News Release
Release No.STELPRD4015155
ContactKatherine Belcher859.224.7306
Lexington, KY, Mar 15, 2012 --

@@Agriculture Secretary Tom Vilsack has announced comprehensive outreach efforts are under way to assess damage and assist rural Midwest and Southern communities in the wake of recent deadly storms, now predicted to be the first billion-dollar disaster of 2012.

“These storms struck the very heart of rural America,” said Vilsack. “USDA regional and local staff are on the front lines, and for many, it’s personal: they live and work alongside the storm victims. I’ve directed our expertise and resources be put to the fullest possible use.”

In addition to assessing the damage to Rural Development-funded projects encompassing the agency’s Business and Industry, Energy, and Community Facilities programs, Agency officials are looking at ways to help hundreds of people displaced from their homes. In rural communities, Rural Development provides FEMA with regular information as to vacant units in multi-family housing complexes financed by the agency. In the case of disasters, displaced residents can receive priority placement for vacant units in multi-family housing complexes.

State Director Tom Fern said many Kentucky families are struggling to put their lives back together and Rural Development is working with other federal and state agencies to assist in the most effective ways possible.

Fern further stated that Rural Development staff across the state – from the 12 area offices to the state office in Lexington – are available to provide information on agency resources and disaster assistance. For contact information for Kentucky’s Rural Development offices and the counties they serve, click here.

“For those in the hardest hit areas, information on disaster assistance programs is available at FEMA disaster recovery centers in East Bernstadt, Louisa, Paintsville, West Liberty and Frenchburg,” said Fern.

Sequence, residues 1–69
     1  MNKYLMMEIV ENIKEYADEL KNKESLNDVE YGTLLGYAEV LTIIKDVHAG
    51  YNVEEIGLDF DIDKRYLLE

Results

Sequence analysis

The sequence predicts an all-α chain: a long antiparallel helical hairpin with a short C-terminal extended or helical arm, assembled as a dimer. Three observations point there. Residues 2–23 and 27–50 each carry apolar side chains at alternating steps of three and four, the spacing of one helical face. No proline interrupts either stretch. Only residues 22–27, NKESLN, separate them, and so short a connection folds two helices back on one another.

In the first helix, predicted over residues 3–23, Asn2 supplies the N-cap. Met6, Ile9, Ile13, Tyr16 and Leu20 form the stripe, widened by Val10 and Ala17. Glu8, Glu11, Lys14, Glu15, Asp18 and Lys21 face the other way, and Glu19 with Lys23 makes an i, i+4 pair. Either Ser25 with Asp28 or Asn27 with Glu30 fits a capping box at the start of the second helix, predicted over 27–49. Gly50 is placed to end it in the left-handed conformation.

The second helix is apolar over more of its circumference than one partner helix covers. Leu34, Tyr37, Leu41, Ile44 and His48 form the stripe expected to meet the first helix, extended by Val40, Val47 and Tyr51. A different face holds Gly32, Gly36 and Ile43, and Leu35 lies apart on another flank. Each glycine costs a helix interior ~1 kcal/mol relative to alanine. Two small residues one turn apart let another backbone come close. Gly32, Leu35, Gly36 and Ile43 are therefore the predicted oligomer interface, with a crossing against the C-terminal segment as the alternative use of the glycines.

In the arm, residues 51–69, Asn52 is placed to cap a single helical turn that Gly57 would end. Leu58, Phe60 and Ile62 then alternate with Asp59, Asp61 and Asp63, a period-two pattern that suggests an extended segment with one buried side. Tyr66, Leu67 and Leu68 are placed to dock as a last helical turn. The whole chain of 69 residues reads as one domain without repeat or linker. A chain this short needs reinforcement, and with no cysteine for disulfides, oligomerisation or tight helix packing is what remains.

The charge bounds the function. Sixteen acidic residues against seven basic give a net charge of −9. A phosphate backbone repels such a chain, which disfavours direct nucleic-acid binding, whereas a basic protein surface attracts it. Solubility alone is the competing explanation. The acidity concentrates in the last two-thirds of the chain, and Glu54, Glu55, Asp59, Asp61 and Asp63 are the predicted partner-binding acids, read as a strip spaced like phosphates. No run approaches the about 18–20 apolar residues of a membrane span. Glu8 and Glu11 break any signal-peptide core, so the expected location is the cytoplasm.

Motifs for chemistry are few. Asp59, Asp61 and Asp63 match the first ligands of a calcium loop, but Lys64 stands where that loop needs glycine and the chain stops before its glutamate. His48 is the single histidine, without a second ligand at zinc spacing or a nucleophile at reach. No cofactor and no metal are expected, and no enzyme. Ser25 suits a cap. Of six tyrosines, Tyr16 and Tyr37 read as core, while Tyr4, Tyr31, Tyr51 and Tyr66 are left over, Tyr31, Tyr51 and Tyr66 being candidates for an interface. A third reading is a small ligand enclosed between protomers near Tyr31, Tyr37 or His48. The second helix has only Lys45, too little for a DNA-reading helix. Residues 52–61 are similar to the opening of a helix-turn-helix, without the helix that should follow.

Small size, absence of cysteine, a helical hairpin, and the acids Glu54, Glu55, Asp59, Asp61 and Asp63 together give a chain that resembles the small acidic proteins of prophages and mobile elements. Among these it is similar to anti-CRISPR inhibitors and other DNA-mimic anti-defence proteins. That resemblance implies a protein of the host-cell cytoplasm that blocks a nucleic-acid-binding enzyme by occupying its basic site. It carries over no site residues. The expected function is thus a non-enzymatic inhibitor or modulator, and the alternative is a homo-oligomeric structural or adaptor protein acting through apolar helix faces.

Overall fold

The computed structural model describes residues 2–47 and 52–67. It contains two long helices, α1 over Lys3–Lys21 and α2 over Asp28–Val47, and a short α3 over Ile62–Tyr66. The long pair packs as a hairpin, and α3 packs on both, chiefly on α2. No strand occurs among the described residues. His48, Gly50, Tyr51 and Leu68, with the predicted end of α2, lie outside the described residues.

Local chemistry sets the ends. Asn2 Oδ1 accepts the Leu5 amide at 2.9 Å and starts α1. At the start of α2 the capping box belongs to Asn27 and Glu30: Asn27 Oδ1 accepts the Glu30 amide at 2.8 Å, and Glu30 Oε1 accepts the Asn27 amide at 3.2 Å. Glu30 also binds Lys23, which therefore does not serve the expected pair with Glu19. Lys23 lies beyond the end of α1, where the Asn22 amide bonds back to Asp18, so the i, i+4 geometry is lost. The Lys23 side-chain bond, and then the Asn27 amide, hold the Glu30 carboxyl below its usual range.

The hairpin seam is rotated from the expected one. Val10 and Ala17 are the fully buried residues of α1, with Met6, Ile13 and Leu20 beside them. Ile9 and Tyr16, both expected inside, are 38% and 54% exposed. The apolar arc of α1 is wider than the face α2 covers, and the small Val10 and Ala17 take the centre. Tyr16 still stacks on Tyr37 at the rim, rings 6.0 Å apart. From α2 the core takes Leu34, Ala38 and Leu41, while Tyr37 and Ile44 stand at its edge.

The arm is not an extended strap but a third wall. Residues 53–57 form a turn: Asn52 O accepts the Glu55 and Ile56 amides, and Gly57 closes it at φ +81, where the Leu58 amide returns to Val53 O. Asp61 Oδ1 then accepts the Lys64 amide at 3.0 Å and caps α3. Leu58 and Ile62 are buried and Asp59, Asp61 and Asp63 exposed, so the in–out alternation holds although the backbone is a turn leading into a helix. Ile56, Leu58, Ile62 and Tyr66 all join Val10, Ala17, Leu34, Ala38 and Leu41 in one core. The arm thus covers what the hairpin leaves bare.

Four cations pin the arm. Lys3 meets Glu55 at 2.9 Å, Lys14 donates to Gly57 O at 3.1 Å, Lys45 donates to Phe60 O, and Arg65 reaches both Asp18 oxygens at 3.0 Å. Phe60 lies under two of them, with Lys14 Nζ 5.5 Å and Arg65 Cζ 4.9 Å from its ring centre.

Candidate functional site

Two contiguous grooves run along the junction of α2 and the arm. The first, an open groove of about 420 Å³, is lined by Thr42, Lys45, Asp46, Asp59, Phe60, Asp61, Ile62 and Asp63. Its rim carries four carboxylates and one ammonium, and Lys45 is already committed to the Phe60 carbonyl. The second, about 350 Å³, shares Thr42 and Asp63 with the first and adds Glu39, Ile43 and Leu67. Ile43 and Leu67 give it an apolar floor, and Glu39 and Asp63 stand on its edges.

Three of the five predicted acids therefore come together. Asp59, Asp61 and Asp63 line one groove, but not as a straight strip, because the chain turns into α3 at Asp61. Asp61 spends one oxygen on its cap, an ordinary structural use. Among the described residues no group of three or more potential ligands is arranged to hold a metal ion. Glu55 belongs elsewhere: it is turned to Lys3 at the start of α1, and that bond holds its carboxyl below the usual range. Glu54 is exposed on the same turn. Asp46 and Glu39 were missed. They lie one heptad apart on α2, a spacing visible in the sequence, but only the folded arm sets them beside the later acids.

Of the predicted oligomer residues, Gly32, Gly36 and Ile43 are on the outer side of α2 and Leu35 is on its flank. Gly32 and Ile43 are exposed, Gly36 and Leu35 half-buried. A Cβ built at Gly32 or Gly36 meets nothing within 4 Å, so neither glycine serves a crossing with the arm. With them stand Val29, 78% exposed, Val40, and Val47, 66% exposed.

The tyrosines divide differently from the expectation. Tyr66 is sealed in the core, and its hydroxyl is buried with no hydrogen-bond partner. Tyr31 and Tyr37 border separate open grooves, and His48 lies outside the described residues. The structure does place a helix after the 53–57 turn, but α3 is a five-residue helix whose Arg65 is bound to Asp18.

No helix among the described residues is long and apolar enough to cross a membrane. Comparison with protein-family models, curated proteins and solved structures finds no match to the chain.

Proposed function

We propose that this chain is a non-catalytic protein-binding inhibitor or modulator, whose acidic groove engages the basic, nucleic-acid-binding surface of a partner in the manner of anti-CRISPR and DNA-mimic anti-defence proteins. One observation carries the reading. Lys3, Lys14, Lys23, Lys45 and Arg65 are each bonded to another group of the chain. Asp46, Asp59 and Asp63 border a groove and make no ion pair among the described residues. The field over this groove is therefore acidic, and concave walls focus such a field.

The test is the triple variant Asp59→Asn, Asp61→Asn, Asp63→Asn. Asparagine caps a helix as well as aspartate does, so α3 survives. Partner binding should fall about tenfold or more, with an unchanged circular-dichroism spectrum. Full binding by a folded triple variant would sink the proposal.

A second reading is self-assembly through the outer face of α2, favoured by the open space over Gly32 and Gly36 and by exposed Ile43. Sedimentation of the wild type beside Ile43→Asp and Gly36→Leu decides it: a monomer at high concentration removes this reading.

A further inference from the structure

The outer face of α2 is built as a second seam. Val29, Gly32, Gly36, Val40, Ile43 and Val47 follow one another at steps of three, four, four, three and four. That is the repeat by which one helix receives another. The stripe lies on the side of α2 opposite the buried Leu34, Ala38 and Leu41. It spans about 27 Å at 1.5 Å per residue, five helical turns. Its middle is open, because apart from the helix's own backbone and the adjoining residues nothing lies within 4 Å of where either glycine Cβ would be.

Additionally, Rural Water Circuit Riders are working with national and state rural water associations throughout the tornado-ravaged states to assist in assessing damage and helping communities get their systems back online. This is critical to the health and safety of rural communities.

USDA Rural Development offers a variety of resources for states and individuals affected by the recent disasters. Individuals can also apply for other types of federal disaster assistance at

The National Oceanic and Atmospheric Administration’s current count of confirmed tornadoes from the March 2 outbreak stands at 42, with damage reported in Alabama, Georgia, Indiana, Kentucky, Mississippi, North Carolina, Ohio, South Carolina, Tennessee, Virginia and West Virginia.

Earlier this week, Secretary Vilsack announced $19.7 million of financial and technical assistance through the Natural Resources Conservation Service's (NRCS) Emergency Watershed Protection (EWP) program to help communities rebuild and repair damages caused by flooding, drought and other natural disasters.

USDA, through its Rural Development mission area, administers and manages housing, business and community infrastructure and facility programs through a national network of state and local offices. Rural Development has an active portfolio of more than $165 billion in affordable loans and loan guarantees. These programs are designed to improve the economic stability of rural communities, businesses, residents, farmers and ranchers and improve the quality of life in rural America.


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